The drive is located on a straight piece 20 of the steel plate conveyor 2A. This drive consists of a drive motor 10A, which drives a belt conveyor 1A via a flexible shaft 21 which runs in the direction of arrow 7. Instead of the belt conveyor 1A, it is also possible to have a conveying device consisting of reinforced rubber belts which, in turn, rest on a base all the way around the conveyor plates. The top is frictionally engaged with the bottom 22 (see FIG. 3) of the conveyor plates 3A.
In the case of the embodiment of FIG. 2, the bottom of the plate conveyor belt 22 rests on the driven belt conveyor 1A in the area of the drive.
Hinge points 5A are located on the bottom of the steel plate conveyor 2A in the middle of each conveyor plate 3A. The hinge points are connected to each other with chain links 4A for guiding the curve traveling plate conveyor.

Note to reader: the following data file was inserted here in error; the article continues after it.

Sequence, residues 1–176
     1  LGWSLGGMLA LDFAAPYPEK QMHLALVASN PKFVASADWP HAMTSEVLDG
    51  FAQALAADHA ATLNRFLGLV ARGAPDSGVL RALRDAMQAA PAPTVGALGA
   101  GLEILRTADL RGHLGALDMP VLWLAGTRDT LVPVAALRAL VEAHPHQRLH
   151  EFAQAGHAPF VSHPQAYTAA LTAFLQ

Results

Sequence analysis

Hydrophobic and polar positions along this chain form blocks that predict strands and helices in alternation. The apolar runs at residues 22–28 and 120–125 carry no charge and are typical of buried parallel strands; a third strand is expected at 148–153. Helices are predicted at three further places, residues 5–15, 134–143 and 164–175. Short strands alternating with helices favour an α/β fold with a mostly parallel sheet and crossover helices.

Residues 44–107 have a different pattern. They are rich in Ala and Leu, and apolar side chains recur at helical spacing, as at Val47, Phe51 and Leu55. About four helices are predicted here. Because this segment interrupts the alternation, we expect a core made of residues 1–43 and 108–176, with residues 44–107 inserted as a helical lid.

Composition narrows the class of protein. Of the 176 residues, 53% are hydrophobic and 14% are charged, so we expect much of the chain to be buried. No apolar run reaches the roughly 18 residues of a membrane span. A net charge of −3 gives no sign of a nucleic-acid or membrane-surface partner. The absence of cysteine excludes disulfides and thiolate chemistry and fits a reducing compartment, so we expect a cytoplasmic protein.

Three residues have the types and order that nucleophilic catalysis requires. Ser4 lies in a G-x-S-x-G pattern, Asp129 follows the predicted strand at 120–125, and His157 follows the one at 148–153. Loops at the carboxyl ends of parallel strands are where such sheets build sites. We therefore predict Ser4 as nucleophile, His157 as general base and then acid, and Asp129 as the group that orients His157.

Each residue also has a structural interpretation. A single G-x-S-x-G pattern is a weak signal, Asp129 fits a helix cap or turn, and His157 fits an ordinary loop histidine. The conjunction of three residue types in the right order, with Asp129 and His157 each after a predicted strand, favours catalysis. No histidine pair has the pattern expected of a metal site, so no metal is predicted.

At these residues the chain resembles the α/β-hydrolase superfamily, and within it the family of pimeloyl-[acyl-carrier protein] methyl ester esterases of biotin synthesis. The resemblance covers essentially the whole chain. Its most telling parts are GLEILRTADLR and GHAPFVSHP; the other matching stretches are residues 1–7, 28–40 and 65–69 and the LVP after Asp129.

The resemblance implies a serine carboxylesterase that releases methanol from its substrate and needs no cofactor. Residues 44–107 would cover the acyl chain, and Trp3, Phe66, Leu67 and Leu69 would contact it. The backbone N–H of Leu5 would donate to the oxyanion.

As shown schematically in FIG. 2, the steel plate conveyor 2A is supported by two rows 35, 36 of support rollers 23 positioned one behind the other in such a way that the steel plate conveyor 2A rolls on these rollers. Only in the driven segment of the belt conveyor 1A are the support rollers 23 of row 36 replaced by the belt conveyor. Thus, the belt conveyor 1A simultaneously takes over the function of the support rollers 23 which was not possible with conveyor drives used heretofore. Similar to the belt conveyor 1 shown in FIG. 1, the belt conveyor 1A can likewise serve to brake the steel plate conveyor 2A and it also ensures that there is a firm holding of the conveyor belt as a result of frictionally engagement when the drive motor 10A is replaced.